The Amulsar mine will deliver one of Armenia’s rarest resources: jobs. Lydian estimates it will employ roughly 1,300 people during the two years of construction (2016-2018) and 770 permanent workers while it remains operational.
Project Area (in hectares)4,442
Type of PopulationSemi-urban
Company Names or State EnterprisesLydian International from United Kingdom - Mine operator
Lydian Armenia from Armenia
Relevant government actorsMinistry of Nature Protection, Government of Armenia
International and Financial InstitutionsInternational Finance Corporation (IFC)
European Bank for Reconstruction and Development (ERBD)

The Conflict and the Mobilization

Intensity of Conflict (at highest level)MEDIUM (street protests, visible mobilization)
When did the mobilization beginPREVENTIVE resistance (precautionary phase)
Groups MobilizingFarmers
Social movements
Recreational users
Local scientists/professionals


Environmental ImpactsPotential: Large-scale disturbance of hydro and geological systems, Reduced ecological / hydrological connectivity, Air pollution, Biodiversity loss (wildlife, agro-diversity), Desertification/Drought, Food insecurity (crop damage), Loss of landscape/aesthetic degradation, Noise pollution, Soil contamination, Soil erosion, Waste overflow, Groundwater pollution or depletion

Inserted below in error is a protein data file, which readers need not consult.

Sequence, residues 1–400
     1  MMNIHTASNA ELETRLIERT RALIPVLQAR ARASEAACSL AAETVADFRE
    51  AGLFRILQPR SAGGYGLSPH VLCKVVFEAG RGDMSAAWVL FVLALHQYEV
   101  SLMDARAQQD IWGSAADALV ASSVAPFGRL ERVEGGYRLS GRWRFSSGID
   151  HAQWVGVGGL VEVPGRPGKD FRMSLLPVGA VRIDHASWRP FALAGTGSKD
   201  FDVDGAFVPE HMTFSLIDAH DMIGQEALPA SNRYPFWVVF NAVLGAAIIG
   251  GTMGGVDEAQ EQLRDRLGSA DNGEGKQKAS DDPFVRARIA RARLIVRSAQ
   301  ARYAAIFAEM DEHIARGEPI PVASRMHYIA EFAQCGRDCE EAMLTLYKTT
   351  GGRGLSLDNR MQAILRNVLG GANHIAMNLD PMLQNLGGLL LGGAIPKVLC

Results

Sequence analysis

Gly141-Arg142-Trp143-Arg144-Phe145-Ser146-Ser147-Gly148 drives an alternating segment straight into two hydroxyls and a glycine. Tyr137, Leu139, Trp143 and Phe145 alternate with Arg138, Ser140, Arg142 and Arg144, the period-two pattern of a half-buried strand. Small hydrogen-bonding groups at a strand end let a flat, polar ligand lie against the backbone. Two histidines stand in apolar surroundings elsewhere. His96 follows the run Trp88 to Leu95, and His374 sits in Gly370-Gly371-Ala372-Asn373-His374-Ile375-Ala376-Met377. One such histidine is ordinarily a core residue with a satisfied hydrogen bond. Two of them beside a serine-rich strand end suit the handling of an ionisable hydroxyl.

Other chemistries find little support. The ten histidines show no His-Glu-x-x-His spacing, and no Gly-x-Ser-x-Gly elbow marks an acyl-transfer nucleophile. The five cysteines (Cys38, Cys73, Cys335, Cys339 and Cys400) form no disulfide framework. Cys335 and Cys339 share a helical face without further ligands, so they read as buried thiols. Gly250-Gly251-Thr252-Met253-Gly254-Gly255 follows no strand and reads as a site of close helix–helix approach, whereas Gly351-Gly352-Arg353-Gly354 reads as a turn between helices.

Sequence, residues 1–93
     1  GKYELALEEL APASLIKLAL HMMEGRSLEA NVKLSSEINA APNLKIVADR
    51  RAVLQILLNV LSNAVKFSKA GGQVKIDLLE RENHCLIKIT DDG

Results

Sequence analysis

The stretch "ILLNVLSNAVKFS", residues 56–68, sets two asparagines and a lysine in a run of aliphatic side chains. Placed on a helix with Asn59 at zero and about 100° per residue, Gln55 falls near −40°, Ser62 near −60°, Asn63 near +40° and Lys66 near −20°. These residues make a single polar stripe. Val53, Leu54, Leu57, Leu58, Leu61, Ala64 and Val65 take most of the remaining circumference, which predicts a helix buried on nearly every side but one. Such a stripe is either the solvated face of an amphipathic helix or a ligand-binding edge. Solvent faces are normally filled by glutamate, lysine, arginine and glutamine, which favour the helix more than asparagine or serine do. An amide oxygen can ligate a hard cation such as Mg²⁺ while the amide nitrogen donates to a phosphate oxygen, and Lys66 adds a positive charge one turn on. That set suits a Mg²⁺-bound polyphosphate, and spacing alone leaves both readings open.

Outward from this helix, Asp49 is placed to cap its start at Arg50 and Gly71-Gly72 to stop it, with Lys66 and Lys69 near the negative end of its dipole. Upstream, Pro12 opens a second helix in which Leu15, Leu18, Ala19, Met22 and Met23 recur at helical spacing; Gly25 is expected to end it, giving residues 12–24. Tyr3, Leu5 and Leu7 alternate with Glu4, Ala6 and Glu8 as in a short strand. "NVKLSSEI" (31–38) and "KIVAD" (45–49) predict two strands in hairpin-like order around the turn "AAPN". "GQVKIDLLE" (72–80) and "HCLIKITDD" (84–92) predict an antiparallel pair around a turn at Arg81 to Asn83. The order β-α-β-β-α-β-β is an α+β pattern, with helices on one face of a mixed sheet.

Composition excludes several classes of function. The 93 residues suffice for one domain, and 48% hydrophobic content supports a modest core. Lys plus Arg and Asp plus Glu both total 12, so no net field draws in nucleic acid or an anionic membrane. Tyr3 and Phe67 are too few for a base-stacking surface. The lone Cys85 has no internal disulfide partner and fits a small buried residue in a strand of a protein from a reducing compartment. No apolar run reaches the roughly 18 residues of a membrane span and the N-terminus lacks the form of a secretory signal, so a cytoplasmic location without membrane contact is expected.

OtherAs for the dust, Lydian claim that the dust produced during the mining process would travel a maximum of 1,000 metres — not far enough to affect agriculture or cause any health issues for nearby residents.
Health ImpactsPotential: Exposure to unknown or uncertain complex risks (radiation, etc…), Violence related health impacts (homicides, rape, etc..) , Health problems related to alcoholism, prostitution, Occupational disease and accidents, Infectious diseases, Other environmental related diseases
Other"In its Social Impact Assessment, Lydian International recognises the consequences of the inflow of construction workers, and later, miners, for the social fabric of Jermuk. The company cites the “four m’s” (“men, money, mobility and mixing”) as having the largest impact. That is, the influx of single men with disposable income could lead to the development of the sex trade and adjacent “vice” industries in Jermuk, as well as an increase in sexually-transmitted diseases and HIV." [1]